|Day's Range||7,810.35 - 7,918.71|
|52 Week Range||6,190.17 - 8,176.08|
A surge in bitcoin prices that took it well above $8,000 appears to be coming to a halt, as the world’s No.1 crypto asset has faced sudden and sharp selling pressure within the past 24 hours.
U.S. stocks on Friday wrap up a Byzantine journey into negative territory, a period that began with the worst day for stocks since January, but was followed by sessions marked by uncanny intraday swings that helped equities to limit losses.
Investors have become accustomed to central banks stepping in to bail out the market. Has something fundamentally changed?
Pinterest released its first quarterly earnings report as a public company after Thursday’s market close—and let’s just say the numbers left investors wanting.
There was a lack of positive signs for a trade deal, as China called the U.S. a “bully.” Stocks spent much of the day near the break-even line before falling late in the day.
Most investors associate a bear market with the pain of dramatic losses. But sideways movement can cause just as much damage.
A rare mix of geopolitical tensions in the Middle East and China is tugging oil prices in opposite directions and creating uncertainty over where they might land. Deteriorating trade talks between the United States and China have threatened to drive down the cost of oil and gasoline. WASHINGTON (AP) -- Caught in a sprawling trade dispute with U.S. rival China, President Donald Trump has decided against declaring commercial war on America's friends.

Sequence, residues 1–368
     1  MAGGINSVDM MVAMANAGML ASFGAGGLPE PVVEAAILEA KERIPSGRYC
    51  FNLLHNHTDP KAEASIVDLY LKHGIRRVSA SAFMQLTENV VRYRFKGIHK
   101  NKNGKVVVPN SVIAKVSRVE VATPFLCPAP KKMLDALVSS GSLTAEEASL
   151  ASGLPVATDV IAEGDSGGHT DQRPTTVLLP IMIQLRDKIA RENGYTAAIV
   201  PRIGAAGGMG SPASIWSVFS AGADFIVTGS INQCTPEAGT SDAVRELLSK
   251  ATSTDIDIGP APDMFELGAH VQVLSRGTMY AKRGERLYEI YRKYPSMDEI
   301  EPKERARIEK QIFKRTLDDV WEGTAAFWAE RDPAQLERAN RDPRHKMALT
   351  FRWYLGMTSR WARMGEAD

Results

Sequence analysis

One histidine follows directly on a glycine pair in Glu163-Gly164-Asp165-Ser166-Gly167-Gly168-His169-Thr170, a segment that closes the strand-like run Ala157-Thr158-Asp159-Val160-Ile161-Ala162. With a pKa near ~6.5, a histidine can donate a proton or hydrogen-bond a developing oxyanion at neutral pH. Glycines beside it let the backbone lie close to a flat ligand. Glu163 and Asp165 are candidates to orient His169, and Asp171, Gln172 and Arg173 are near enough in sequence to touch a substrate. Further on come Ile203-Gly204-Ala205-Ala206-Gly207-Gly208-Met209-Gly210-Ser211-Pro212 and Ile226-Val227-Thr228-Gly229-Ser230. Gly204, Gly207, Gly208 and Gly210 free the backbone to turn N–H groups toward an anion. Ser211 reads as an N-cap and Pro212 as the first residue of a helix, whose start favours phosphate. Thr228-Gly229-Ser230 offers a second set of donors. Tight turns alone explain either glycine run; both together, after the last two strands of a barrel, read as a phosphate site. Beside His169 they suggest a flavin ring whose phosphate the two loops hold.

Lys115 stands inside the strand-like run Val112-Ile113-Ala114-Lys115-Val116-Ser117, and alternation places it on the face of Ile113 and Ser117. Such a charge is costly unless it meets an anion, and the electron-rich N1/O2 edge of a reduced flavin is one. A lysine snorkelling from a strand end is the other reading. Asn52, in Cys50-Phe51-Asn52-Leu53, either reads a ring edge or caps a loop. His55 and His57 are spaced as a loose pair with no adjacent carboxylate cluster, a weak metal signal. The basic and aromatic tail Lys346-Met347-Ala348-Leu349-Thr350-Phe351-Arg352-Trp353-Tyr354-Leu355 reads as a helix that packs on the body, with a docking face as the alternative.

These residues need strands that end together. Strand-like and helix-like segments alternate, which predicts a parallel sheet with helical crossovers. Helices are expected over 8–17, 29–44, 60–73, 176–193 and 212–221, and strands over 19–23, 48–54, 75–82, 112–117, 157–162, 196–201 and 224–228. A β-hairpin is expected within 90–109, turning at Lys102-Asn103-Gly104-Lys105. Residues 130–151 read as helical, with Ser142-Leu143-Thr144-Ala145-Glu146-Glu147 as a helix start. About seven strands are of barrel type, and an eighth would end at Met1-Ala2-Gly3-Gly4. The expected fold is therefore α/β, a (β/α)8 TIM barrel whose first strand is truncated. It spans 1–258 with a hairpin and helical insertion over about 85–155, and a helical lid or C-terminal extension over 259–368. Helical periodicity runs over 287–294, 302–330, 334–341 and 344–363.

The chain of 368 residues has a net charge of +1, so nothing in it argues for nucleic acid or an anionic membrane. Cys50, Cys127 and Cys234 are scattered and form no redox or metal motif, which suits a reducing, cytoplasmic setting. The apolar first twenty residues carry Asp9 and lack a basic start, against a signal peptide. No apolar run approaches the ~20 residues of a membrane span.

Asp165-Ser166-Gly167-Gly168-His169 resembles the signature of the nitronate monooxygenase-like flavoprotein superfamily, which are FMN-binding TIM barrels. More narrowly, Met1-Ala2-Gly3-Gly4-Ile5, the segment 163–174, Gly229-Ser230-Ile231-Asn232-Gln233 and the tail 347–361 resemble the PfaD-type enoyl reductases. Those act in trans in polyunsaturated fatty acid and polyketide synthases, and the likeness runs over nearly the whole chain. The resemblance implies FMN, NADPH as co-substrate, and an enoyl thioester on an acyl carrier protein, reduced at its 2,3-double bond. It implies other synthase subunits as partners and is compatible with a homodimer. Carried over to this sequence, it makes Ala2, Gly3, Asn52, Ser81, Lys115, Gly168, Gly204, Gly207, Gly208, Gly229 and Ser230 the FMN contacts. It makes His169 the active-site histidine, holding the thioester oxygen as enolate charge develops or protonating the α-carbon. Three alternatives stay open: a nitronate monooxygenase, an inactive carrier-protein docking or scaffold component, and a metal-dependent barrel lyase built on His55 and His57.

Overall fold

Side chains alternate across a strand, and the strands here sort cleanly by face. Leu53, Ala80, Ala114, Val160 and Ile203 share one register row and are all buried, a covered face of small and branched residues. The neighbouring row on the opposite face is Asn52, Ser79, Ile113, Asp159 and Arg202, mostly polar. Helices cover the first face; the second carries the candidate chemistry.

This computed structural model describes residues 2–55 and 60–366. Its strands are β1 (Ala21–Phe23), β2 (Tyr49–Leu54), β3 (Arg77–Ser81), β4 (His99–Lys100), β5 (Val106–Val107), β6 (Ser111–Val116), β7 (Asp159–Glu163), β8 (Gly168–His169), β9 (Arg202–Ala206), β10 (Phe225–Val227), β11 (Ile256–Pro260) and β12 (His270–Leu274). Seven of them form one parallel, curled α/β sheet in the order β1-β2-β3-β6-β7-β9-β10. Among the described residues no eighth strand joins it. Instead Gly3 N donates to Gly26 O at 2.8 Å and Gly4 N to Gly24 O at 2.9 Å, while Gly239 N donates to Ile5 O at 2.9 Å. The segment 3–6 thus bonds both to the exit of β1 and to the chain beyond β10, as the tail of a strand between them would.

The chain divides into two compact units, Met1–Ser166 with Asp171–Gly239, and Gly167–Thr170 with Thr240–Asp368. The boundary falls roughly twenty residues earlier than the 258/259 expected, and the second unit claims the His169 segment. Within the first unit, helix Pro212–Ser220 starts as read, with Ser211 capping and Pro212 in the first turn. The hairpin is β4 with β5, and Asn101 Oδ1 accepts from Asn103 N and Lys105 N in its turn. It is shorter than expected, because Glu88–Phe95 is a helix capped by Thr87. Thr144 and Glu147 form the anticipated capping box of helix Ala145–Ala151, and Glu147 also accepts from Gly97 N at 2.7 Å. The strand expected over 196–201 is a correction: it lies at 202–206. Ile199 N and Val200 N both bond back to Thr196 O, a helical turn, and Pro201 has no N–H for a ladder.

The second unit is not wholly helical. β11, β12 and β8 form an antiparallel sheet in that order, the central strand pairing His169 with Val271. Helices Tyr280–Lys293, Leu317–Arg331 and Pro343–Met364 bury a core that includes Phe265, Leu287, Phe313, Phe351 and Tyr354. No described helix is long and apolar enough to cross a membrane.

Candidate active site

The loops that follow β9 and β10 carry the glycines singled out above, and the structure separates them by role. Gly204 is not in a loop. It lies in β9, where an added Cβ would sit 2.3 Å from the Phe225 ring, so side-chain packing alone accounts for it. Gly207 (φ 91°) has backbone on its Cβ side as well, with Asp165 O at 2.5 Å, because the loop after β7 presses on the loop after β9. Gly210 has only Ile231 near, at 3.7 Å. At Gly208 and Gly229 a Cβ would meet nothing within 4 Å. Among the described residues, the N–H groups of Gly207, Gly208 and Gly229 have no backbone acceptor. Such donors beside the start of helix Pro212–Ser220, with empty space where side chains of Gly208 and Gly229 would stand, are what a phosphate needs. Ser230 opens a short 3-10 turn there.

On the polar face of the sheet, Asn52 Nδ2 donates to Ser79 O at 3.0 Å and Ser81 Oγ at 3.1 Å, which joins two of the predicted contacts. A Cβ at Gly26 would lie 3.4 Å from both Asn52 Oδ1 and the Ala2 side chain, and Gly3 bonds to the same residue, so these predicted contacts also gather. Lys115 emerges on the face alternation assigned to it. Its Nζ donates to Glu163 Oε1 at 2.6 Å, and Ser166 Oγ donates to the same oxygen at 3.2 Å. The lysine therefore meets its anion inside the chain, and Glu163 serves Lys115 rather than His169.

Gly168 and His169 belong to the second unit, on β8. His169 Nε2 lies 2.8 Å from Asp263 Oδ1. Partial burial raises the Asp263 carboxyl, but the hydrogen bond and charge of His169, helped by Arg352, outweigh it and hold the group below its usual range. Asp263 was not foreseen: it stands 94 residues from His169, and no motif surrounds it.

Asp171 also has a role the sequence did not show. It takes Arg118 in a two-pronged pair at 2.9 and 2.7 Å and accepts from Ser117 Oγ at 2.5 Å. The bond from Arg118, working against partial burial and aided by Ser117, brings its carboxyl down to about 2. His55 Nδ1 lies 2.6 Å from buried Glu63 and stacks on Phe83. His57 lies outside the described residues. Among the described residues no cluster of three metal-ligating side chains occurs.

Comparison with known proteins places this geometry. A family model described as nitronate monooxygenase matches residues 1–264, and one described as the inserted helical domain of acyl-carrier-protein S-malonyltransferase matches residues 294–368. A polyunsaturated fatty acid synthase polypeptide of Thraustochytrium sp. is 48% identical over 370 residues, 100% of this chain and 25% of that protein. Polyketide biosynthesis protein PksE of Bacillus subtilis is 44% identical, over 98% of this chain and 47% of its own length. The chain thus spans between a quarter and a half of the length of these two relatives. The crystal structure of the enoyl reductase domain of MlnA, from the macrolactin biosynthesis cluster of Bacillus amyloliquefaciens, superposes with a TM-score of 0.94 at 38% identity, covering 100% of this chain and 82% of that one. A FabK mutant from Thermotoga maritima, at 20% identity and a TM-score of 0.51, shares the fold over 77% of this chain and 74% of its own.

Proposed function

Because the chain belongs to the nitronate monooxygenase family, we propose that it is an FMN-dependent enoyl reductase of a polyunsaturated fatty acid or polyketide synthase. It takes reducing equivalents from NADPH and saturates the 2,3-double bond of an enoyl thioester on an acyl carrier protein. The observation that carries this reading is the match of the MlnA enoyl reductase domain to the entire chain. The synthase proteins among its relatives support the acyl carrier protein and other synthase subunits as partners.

Stocks closed broadly lower on Wall Street Friday and notched their second-straight weekly loss, as investors were whipsawed by contradictory developments in the Trump administration's array of trade conflicts.
Stocks fell broadly on Wall Street Friday as investor jitters over the heated trade war between the world's two biggest economies overshadowed encouraging developments in conflicts between the U.S. and other key trading partners.
Wall Street ended lower on Friday as continuing trade tensions pulled industrial and tech shares down, and the Dow capped a fourth straight week of losses in its longest weekly losing streak in three years. The S&P 500 and the Nasdaq suffered their second successive weekly declines after U.S. stocks failed to fully recover from Monday's steep sell-off.
U.S. stocks bounce back from deep losses Friday but still closed lower as trade-related jitters overshadowed strong economic data.
The S&P 500 and the Nasdaq suffered their second successive weekly declines after U.S. stocks failed to fully recover from Monday's steep sell-off. With 460 of S&P 500 companies having posted first-quarter results, 75.2% of which beat analyst expectations, the mostly upbeat first-quarter earnings season is nearly complete.
A major global stocks index fell on Friday and the Chinese yuan weakened as financial markets were again jostled by uncertainty over global trade tensions. Geopolitical concerns also deepened on news that talks regarding Britain's split with the European Union had faltered, putting pressure on the British pound. In China, the Communist Party's People's Daily wrote in a front-page commentary that the U.S. trade war will only make China stronger and will never bring the country to its knees.
Wall Street shares extended losses in late trade on Friday after CNBC reported that the next round of U.S.-China negotiations was in flux, looking set to end a seesaw week the same way they started with ...
Wall Street ended lower on Friday as continuing trade tensions pulled industrial and tech shares down, and the Dow capped a fourth straight week of losses in its longest weekly losing streak in three years. ...